TOKYO (Reuters) - Japan is considering scrapping a Northwest Pacific whale hunt just days before the fleet’s planned departure, media said on Thursday, as the government grapples with its response to an international court ruling against its main whale hunt.
In a blow to Tokyo’s decades-old and disputed “scientific whaling” program, the International Court of Justice (ICJ) last month ordered a halt to its annual hunts in the Southern Ocean, prompting Japan to cancel its 2014-2015 Antarctic hunt, the program’s mainstay, as it pledged to abide by the ruling.
The judgment did not specifically mention Japan’s other whaling hunts, one small-scale one off its coastline and the other across a wide swath of the Northwest Pacific during the spring and summer, with a quota of nearly 400 whales.
But Tokyo, trapped between the demands of pro-whaling lawmakers and international pressure from allies such as the United States, is considering calling off the Pacific hunt too, the Yomiuri Shimbun daily said.
“The government is currently racking its brains about whether or not to allow the Northwest Pacific whaling, set to start on April 22, to take place,” the paper said, adding that the timing - with U.S. President Barack Obama scheduled to arrive in Japan on April 23 - was unfortunate.
Chief Cabinet Secretary Yoshihide Suga told a news conference that the government was looking at the issue.
“All aspects are being considered as the government studies the ruling and decides how it will respond,” added Suga.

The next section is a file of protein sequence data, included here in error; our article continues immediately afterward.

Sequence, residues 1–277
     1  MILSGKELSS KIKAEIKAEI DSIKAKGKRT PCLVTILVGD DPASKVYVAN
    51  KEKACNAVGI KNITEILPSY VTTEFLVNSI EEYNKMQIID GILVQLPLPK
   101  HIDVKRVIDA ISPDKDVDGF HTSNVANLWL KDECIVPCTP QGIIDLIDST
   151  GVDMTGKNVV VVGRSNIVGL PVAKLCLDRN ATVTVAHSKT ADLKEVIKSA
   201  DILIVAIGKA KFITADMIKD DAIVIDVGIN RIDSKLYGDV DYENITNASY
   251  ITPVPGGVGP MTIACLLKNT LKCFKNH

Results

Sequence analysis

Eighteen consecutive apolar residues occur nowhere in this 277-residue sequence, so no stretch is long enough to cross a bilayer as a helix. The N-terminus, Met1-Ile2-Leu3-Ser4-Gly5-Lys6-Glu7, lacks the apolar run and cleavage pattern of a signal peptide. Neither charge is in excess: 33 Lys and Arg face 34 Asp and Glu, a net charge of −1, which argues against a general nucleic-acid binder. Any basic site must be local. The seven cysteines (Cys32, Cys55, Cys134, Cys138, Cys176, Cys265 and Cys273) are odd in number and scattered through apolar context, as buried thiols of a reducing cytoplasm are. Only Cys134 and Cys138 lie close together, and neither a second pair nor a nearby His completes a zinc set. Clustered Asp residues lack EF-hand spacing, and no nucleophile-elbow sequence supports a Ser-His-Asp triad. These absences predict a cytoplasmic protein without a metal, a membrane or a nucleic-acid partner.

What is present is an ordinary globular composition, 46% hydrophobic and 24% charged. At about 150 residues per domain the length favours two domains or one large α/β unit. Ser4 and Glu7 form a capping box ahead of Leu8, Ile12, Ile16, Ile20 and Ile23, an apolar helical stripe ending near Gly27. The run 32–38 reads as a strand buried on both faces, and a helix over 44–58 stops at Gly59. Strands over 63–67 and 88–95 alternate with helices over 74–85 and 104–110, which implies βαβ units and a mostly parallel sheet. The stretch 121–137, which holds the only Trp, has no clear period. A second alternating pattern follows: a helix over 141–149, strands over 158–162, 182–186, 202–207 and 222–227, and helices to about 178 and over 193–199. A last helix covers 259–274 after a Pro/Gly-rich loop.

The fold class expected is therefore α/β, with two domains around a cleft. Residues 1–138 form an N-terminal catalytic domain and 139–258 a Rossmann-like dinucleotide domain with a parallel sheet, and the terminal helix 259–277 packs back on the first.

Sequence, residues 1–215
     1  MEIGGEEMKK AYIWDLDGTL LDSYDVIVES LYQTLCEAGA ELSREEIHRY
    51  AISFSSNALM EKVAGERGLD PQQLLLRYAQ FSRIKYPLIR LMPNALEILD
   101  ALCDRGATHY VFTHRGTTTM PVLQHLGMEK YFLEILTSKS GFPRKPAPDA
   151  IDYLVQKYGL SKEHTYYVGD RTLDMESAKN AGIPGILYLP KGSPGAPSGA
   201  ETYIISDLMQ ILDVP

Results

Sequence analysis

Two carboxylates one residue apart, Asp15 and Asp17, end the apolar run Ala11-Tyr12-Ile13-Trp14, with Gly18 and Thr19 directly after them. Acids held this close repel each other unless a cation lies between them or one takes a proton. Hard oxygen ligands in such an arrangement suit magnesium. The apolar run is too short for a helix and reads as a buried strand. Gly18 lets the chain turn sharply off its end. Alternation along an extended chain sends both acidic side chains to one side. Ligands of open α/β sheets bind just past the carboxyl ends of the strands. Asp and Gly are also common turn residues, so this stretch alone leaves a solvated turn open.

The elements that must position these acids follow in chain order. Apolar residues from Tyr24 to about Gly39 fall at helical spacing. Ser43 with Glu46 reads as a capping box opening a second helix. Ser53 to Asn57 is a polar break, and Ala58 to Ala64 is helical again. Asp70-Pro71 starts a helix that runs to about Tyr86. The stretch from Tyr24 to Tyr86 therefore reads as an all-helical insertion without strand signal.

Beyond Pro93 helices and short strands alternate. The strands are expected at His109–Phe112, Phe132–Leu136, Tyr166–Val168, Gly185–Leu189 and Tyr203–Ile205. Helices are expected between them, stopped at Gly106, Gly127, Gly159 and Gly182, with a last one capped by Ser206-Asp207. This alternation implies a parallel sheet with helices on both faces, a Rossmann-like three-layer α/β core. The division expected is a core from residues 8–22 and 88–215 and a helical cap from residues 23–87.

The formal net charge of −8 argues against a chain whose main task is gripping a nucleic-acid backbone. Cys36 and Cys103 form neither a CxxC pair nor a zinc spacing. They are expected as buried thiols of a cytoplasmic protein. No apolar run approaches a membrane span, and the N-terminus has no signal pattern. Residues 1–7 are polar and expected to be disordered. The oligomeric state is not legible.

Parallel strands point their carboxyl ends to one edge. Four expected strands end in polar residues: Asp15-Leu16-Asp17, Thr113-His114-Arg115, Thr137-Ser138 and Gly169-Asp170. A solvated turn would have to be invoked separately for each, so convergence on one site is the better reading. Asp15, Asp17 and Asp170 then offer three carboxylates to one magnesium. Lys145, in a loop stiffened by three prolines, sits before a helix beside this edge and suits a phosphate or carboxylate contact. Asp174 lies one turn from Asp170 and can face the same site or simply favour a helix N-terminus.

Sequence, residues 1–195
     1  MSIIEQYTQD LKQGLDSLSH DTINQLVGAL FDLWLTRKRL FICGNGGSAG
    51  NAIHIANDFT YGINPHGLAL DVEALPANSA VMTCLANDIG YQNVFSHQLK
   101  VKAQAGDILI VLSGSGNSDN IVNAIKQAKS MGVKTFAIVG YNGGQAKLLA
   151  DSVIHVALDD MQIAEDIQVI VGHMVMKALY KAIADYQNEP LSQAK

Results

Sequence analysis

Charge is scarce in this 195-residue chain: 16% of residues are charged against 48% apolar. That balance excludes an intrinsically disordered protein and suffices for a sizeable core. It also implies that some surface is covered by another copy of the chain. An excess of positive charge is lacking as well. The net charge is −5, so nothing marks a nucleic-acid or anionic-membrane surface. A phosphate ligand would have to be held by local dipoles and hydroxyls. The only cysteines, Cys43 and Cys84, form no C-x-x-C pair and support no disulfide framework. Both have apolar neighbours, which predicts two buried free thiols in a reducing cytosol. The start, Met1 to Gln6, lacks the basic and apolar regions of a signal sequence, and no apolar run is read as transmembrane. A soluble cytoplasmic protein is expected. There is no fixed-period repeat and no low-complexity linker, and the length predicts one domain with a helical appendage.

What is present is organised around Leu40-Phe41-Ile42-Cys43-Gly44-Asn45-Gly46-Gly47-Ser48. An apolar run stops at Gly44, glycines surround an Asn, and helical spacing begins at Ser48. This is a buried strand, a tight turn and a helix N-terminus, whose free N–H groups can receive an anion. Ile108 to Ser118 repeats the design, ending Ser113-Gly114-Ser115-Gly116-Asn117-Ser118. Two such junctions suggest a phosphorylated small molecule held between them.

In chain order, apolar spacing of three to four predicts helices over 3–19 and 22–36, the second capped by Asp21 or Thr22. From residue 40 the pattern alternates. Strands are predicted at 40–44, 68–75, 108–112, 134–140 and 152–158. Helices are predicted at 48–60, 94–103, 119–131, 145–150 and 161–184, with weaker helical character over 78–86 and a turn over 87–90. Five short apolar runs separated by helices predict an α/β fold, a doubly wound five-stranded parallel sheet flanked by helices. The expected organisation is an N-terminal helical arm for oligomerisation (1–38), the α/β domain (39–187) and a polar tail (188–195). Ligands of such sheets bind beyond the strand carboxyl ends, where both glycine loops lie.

On Thursday, a group of ruling party lawmakers asked Kazuyoshi Honkawa, director-general of the Fisheries Agency, to delay the fleet’s departure until April 26, the day after Obama leaves, and Honkawa said he would look into it.
“The government is aware of this move,” Suga told a later news conference, adding that a decision on the program should come soon.
The ICJ’s judgment centered on the Antarctic hunt, which has a catch quota of just over 1,000 whales - including minke, fin whales and humpbacks - saying there was insufficient evidence that the research objectives justified “the lethal sampling”.
“When you study the ruling, it contains a section where they call on Japan to take another look at its whaling program,” said an official at the Fisheries Agency. “So there may well be an impact on other research whaling too.”
The take in recent years has fallen off sharply, in part due to campaigns by anti-whaling groups, with only 103 minke killed in 2012-2013. By contrast, the Pacific hunt, which has garnered little attention, took 319 whales against its quota of 360 that same year, including three sperm whales.
The groups which carry out the whaling program said last week in a court filing that they expect to resume whaling in the Antarctic from the 2015-2016 season, albeit with a modified program.
Other observers say Japan might see this as a good chance to get out of whaling, given the expense of running the program and refurbishing its ageing fleet even as appetite for whale drops.
Editing by Nick Macfie